Published by Ana Etxebarria, november 2010

I spent my whole childhood learning English. I’m not exaggerating; I started when I was three years old in the kindergarten, doing gym class and singing “head, shoulders, knees and toes…”

When it came to deciding which degree course to go for, I opted for my best subject and chose one of those courses that will guarantee you a place in the dole queue: English Philology.

At university I had to choose a second foreign language. I chose German. I didn’t learn very much, though I did get to spend an unforgettable year living in Munich, so I think that was the right decision.

Some years on, I feel I can say that my English is decent enough and in German I would be able to order a taxi, book a table in a restaurant and not much else.

But we are in 2010, and my linguistic limitations are no longer an obstacle to reading a Web page in German. Let’s take my company’s Web page as an example. It seems as if there is some kind of special Panda Security 2011 product discount, but I couldn’t tell you much more. Now, if you look closely, Google is kindly asking if we would like the page translated. So, would we? Yeah, why not?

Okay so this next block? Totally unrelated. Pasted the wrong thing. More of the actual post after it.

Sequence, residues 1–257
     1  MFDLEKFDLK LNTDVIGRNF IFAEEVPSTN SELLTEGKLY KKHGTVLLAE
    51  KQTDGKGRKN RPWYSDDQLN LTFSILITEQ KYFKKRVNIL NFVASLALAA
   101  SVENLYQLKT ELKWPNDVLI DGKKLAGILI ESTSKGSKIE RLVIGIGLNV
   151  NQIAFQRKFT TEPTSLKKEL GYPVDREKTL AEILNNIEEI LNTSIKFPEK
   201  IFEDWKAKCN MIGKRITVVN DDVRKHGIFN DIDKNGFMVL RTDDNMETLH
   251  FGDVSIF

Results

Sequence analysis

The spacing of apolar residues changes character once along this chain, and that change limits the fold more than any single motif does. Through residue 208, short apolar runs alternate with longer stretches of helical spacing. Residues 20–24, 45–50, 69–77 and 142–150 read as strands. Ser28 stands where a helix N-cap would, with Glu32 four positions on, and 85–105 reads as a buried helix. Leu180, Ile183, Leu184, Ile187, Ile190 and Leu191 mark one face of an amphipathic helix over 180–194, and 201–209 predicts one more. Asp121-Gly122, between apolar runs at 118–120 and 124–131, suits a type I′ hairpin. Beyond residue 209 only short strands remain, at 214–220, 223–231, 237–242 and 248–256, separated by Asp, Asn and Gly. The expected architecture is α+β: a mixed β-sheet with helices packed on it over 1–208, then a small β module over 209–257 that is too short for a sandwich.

The result is not great, but it may be good enough depending on what we’re looking for.

Let’s keep testing. I have copied a complete paragraph describing one of our products, Panda Global Protection 2011, into Google Translator.

The result is spectacular. It really is good. My conclusion is that you no longer need to know a language to be able to read newspapers, Web pages, etc.

Of course, these types of tools would never be able to tell us how to pronounce the words, or maybe they would?

Forvo (http://forvo.com/) offers the pronunciation of more than 700,000 words in the most common languages and in some that are not so common:

I could go on indefinitely about the countless translation applications that exist for iPhone or iPad, but I think we can leave it there for the moment.

To finish, I would say that it is no longer necessary to know a language in order to read it, but of course it would always be necessary in order to have a coffee, exchange ideas, or tell someone who doesn’t speak your language how you feel. I still think I chose a wonderful course at university, and although it has had nothing to do with my professional career, the memories I have from those years will be with me forever. Bye, Tschüss, Adiós!